More Mental Model Missteps

   
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I mentioned when talking about an oddity in vim that the behaviour of the command "<n>J" didn't match my mental model. Sometimes software does that, it had behaviour that's totally reasonable when you think about it one way, but there's another way of thinking that causes you to be surprised.

Looping over the parameters:
 
  for n in $*
  do
    <use parameter $n>
  done

Using them one-by-one:
 
  while [[ -n ""$1 ]]
  do
    <use parameter $1>
    shift
  done
Here's another as reported to me by a friend.

In shell scripting in *nix we can write a script that takes a collection of parameters. Sometimes the script will deal with them one at a time, and can loop over them.

On the other hand, sometimes we want to deal with the first, and iterate until we are done.

The shift command deletes parameter $1 and shifts each of the remaining parameters down by one.

So far so reasonable.

 
shift ; shift ; shift
Sometimes in scripting we want to shift by more than one place, so we execute multiple shift statements, as shown here.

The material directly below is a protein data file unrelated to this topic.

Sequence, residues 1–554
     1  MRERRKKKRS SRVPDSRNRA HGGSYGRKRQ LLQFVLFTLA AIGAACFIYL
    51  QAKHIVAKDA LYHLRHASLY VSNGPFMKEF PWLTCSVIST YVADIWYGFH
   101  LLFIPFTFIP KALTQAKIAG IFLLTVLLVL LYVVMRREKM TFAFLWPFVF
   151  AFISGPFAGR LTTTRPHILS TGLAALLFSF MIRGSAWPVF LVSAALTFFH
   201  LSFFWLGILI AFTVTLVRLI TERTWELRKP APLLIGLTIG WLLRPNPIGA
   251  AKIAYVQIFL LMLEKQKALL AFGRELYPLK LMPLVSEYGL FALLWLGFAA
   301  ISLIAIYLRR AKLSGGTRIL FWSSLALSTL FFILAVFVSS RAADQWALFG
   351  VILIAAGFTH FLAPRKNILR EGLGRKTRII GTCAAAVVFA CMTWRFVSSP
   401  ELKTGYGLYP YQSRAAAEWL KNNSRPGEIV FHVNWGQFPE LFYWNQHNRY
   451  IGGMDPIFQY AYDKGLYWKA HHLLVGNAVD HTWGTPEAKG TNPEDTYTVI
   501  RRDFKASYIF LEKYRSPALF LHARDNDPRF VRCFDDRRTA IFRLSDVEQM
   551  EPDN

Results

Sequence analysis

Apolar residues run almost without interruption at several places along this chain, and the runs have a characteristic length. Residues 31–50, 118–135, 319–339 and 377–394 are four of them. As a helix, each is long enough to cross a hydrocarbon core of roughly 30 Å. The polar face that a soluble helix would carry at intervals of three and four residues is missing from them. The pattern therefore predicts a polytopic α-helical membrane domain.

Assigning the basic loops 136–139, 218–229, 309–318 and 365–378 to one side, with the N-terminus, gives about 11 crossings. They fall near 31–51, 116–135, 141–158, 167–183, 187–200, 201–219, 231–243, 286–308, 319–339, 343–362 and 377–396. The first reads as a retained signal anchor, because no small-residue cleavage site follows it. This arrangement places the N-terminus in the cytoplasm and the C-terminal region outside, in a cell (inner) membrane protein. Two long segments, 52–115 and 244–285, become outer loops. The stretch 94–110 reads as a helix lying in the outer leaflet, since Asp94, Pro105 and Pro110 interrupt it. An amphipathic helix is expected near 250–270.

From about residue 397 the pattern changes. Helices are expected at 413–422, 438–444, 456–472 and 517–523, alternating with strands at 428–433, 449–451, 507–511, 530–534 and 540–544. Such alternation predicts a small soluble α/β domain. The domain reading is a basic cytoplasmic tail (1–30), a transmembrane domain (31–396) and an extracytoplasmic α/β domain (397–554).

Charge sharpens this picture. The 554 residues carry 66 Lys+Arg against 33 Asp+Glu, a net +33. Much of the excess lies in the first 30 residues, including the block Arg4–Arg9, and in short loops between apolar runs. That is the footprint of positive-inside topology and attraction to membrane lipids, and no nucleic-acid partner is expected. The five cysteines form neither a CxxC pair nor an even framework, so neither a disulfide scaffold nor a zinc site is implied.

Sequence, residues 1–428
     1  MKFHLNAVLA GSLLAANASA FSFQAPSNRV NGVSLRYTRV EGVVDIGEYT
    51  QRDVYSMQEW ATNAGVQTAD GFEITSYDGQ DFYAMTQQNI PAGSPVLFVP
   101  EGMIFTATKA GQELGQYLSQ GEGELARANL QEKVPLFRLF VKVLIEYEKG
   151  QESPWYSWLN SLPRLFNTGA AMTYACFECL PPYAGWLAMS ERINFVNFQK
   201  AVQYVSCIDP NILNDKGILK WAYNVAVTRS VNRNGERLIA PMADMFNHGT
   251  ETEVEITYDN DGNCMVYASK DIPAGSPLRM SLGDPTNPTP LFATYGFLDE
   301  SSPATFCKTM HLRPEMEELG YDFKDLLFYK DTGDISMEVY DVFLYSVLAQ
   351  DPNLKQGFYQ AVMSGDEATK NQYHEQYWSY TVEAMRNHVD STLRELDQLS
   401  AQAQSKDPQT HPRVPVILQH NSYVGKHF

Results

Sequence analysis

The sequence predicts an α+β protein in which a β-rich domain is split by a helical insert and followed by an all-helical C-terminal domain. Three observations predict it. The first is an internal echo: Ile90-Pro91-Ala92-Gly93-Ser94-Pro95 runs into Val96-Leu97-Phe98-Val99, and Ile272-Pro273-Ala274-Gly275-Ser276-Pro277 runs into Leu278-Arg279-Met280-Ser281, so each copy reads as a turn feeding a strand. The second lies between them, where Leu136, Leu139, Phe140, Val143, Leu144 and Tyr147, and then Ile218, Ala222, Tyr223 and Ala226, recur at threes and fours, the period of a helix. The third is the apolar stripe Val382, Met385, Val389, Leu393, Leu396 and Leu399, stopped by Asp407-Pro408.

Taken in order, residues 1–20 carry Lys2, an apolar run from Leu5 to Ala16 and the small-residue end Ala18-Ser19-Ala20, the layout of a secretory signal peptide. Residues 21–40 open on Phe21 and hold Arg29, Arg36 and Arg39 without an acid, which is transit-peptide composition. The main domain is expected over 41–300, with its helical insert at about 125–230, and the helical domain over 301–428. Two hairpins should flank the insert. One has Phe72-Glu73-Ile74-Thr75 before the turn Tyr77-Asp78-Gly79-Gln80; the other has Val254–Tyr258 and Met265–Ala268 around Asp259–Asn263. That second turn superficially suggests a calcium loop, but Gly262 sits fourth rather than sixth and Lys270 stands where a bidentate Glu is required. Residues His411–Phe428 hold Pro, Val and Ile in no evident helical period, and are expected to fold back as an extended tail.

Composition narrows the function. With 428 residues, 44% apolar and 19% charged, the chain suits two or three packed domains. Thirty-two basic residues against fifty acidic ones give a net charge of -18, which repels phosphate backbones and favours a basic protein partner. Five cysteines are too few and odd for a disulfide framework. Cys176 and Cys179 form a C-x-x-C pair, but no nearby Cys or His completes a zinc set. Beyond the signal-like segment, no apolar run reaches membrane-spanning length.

If there are a lot, or we need it to vary, we can put that in a loop, like this:

 
  for i in $( seq $n ); do shift ; done

All that does is execute the shift command $n times. So if you want 10 shifts (which does, admittedly, seem a touch excessive) you can do this:

 
  for i in 10 ; do shift ; done

Checking the man page for shift we see that there's a short-cut for this, because shift takes a parameter to say how many arguments to shift by:

 
 shift <n>


So we think these are identical:

 
shift
shift
shift
 
shift 3

Well, they aren't.

Here are two scripts:

 
 #!/bin/bash
 # Script ShiftThreeTimes

 echo "Executing 'shift ; shift ; shift'"
 shift ; shift ; shift
 echo Resulting first parameter: $1
 
 #!/bin/bash
 # Script Shift3

 echo "Executing 'shift 3'"
 shift 3
 echo Resulting first parameter: $1

Executing these:

 
 ./ShiftThreeTimes 1 2 3 4
 
 ./Shift3 1 2 3 4

OK, so they both shift out the first three parameters and print the fourth one, printing "Resulting first parameter: 4".

No surprise ... let's try again:

 
..../ShiftThreeTimes 1 2
 
..../Shift3 1 2

Different results.

OK, so a more careful reading of the man shift page explains why this is so. The definition of shift <n> is not the same as executing shift "n" times. It mostly is, but in fact, it isn't.

So there we are, another of my mental models out the window.


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